Coasts

String Fencing Volunteers Make Beaches Safer for Nesting Birds

UPDATE: Volunteer dates are cancelled due to COVID-19.
Least Tern nesting. Photo: Luis Ramos
Least Tern nesting. Photo: Luis Ramos
Coasts

String Fencing Volunteers Make Beaches Safer for Nesting Birds

UPDATE: Volunteer dates are cancelled due to COVID-19.

Piping Plovers, Least Terns, and American Oystercatchers return to the shores of Connecticut in early to mid-March, where they rest, breed, and raise their young during the summer months. The same beaches that we look to for fun and recreation serve as a nursery for tiny, threatened shorebird chicks.

You can help protect birds by limiting human disturbance to crucial nesting areas!

One way we're able to do this is by installing string fencing and signage around the areas on beaches where birds typically nest. They build their nests directly in the sand in small "scrapes," barely noticeable to the human eye. If people or dogs get too close, the parent may abandon the nest out of fear. Our birds depend on these safe spaces to raise a family!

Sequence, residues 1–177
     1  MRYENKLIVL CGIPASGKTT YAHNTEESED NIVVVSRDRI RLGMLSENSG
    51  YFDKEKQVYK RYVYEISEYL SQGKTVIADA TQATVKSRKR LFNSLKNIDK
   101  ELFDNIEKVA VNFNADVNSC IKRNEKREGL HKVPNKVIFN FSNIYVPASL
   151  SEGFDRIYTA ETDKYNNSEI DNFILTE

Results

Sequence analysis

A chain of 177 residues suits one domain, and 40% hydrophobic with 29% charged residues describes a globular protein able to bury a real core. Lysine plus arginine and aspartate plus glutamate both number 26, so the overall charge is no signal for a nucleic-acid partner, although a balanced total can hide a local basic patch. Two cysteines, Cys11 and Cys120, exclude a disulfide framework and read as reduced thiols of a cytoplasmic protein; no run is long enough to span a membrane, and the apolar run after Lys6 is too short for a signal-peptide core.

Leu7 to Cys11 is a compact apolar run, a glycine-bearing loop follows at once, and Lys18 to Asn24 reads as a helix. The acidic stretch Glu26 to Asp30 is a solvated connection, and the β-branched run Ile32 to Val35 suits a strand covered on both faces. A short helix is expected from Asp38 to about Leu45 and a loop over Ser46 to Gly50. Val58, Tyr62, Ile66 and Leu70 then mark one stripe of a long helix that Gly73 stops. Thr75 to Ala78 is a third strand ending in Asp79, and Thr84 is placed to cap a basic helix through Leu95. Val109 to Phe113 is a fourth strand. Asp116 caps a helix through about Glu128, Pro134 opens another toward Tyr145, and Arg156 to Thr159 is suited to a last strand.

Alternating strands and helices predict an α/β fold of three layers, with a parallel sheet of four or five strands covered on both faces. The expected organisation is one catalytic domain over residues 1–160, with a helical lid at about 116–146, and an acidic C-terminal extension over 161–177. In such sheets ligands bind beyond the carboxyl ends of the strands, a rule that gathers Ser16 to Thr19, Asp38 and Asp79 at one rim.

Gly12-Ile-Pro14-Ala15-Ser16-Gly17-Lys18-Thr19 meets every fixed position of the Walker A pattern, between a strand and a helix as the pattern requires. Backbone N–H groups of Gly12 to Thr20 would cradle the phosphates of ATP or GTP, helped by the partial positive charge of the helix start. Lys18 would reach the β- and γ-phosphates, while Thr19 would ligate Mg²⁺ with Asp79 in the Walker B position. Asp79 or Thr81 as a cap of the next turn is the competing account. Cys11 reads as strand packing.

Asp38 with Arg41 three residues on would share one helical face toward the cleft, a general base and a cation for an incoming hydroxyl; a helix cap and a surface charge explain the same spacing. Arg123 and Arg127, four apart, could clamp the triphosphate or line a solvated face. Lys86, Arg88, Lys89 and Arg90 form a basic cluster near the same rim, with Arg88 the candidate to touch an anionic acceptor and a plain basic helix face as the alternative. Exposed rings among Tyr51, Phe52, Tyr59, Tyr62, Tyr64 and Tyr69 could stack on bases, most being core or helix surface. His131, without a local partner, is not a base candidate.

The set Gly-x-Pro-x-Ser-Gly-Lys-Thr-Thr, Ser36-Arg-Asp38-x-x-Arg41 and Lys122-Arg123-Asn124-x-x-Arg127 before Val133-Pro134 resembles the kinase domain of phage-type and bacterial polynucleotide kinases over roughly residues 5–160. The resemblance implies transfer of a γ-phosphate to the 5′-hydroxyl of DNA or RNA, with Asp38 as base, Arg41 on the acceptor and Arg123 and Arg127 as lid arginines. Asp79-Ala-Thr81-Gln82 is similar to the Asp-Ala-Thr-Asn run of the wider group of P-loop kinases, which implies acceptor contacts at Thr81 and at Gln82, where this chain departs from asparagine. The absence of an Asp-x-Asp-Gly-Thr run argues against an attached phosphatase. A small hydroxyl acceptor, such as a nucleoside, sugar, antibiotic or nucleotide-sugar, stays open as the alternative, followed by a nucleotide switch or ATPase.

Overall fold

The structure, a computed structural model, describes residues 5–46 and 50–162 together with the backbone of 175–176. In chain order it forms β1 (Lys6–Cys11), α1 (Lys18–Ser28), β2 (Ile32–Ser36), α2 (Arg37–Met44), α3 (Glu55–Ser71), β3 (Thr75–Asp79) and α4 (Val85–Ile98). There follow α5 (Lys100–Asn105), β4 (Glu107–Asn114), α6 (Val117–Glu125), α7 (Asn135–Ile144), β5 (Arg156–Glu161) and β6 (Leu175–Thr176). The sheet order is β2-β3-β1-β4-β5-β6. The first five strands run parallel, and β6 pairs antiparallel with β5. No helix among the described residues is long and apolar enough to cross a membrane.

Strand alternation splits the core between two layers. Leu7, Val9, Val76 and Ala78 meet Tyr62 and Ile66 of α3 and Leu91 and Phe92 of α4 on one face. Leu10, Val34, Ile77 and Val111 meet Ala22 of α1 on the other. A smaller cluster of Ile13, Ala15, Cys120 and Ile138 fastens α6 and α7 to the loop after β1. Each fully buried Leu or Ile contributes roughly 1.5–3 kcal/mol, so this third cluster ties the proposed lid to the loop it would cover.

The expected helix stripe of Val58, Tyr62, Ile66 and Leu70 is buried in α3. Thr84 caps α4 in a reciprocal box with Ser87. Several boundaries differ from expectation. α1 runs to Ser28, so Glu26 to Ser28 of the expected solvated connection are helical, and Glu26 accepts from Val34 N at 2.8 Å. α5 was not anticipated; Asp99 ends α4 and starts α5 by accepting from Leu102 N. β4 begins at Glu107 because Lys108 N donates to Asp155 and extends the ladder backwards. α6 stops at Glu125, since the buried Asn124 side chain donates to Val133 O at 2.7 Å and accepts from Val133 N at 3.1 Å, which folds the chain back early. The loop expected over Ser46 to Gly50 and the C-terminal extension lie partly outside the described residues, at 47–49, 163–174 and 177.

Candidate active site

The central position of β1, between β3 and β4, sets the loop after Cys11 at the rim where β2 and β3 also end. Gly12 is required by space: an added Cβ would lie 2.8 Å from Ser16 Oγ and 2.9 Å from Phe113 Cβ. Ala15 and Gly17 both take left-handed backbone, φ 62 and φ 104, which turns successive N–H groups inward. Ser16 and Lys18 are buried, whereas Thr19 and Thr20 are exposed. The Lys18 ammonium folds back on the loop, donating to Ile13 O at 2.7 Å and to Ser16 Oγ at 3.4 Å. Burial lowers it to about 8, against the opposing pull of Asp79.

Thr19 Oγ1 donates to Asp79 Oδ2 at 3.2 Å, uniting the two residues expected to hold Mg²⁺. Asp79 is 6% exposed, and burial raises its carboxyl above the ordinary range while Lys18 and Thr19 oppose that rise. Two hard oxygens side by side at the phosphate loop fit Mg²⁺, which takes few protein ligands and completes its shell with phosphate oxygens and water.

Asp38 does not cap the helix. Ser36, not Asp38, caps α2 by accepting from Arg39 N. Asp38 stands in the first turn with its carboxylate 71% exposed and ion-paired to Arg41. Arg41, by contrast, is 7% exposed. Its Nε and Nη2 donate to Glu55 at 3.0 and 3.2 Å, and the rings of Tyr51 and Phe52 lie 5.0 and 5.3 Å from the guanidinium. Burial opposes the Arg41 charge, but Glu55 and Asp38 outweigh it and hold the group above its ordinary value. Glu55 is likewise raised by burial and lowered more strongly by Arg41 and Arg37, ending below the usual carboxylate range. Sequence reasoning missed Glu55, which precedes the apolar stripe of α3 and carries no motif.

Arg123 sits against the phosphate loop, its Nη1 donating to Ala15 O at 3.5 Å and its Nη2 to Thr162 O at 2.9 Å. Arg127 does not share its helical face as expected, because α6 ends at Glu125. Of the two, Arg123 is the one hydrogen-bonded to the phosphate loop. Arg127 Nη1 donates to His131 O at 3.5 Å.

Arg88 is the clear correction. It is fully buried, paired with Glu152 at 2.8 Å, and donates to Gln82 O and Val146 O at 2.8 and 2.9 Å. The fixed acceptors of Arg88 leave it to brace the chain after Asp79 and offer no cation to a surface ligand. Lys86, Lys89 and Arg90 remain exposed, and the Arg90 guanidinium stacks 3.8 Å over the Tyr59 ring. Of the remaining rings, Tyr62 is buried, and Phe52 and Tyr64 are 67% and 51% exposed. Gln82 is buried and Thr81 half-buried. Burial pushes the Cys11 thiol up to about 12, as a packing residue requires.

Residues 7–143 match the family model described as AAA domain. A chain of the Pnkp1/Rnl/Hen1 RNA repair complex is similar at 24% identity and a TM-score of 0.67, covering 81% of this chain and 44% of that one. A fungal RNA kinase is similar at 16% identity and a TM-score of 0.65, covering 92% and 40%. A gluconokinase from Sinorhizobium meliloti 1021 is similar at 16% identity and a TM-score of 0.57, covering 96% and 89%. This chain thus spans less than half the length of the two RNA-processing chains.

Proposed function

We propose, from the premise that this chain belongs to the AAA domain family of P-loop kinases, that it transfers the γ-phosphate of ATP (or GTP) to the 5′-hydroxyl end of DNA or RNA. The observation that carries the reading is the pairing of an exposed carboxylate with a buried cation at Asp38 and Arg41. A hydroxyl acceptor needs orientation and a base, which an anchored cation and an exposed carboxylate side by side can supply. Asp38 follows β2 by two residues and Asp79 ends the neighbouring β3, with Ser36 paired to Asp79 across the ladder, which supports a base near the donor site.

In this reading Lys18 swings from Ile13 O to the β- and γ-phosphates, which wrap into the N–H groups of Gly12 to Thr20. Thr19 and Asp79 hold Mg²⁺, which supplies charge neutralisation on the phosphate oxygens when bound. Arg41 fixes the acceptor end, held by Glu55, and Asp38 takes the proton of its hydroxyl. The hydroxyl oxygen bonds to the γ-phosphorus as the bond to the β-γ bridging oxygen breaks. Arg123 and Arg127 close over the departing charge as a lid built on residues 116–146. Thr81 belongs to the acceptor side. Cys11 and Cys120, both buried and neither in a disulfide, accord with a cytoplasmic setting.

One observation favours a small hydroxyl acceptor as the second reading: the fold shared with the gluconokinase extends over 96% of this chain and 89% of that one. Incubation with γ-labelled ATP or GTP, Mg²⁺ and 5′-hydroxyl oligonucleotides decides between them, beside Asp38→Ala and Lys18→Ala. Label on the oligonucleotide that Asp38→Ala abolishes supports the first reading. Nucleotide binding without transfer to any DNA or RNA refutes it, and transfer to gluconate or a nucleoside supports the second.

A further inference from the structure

String Fencing Volunteer Dates *Cancelled* - But You Can Still Help Protect Birds!

*As of March 18, staff with be installing string fencing without the help of volunteers. We are taking this precaution to keep our volunteers safe, and suggest practicing "social distancing" even in the outdoors.*

Once it is safe to visit beaches, it is still important to respect the string fencing and give nesting birds and their young plenty of space. Athought our world may be standing still right now, the birds' breeding and nesting patterns will not delay. Click here for details on how you can #ShareTheShore, and encourage others to do the same!

Please email us at ctwaterbirds@gmail.com if you have questions. Thank you!

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How you can help, right now